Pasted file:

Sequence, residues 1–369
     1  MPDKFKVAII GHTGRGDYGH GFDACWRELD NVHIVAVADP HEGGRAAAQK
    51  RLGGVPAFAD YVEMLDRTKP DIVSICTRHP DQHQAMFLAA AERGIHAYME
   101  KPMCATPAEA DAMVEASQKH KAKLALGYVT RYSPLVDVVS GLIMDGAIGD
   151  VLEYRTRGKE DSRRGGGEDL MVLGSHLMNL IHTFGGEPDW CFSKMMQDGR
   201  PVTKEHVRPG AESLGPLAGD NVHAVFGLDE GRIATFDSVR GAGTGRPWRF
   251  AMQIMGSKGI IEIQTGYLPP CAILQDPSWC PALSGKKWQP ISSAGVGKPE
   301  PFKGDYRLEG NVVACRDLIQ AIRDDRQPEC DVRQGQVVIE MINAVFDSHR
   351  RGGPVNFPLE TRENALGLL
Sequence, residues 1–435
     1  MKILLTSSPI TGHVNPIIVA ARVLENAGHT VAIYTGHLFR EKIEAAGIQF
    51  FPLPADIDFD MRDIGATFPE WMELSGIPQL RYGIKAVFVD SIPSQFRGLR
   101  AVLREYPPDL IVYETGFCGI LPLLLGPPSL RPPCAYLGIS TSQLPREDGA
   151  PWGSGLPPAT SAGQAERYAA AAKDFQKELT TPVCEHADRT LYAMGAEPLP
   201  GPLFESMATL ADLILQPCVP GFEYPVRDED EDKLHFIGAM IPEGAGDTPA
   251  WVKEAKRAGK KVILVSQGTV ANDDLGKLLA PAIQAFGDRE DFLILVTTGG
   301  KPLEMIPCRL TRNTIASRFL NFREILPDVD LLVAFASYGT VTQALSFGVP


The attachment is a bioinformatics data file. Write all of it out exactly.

Sequence, residues 1–369
     1  MPDKFKVAII GHTGRGDYGH GFDACWRELD NVHIVAVADP HEGGRAAAQK
    51  RLGGVPAFAD YVEMLDRTKP DIVSICTRHP DQHQAMFLAA AERGIHAYME
   101  KPMCATPAEA DAMVEASQKH KAKLALGYVT RYSPLVDVVS GLIMDGAIGD
   151  VLEYRTRGKE DSRRGGGEDL MVLGSHLMNL IHTFGGEPDW CFSKMMQDGR
   201  PVTKEHVRPG AESLGPLAGD NVHAVFGLDE GRIATFDSVR GAGTGRPWRF
   251  AMQIMGSKGI IEIQTGYLPP CAILQDPSWC PALSGKKWQP ISSAGVGKPE
   301  PFKGDYRLEG NVVACRDLIQ AIRDDRQPEC DVRQGQVVIE MINAVFDSHR
   351  RGGPVNFPLE TRENALGLL
Sequence, residues 1–435
     1  MKILLTSSPI TGHVNPIIVA ARVLENAGHT VAIYTGHLFR EKIEAAGIQF
    51  FPLPADIDFD MRDIGATFPE WMELSGIPQL RYGIKAVFVD SIPSQFRGLR
   101  AVLREYPPDL IVYETGFCGI LPLLLGPPSL RPPCAYLGIS TSQLPREDGA
   151  PWGSGLPPAT SAGQAERYAA AAKDFQKELT TPVCEHADRT LYAMGAEPLP
   201  GPLFESMATL ADLILQPCVP GFEYPVRDED EDKLHFIGAM IPEGAGDTPA
   251  WVKEAKRAGK KVILVSQGTV ANDDLGKLLA PAIQAFGDRE DFLILVTTGG
   301  KPLEMIPCRL TRNTIASRFL NFREILPDVD LLVAFASYGT VTQALSFGVP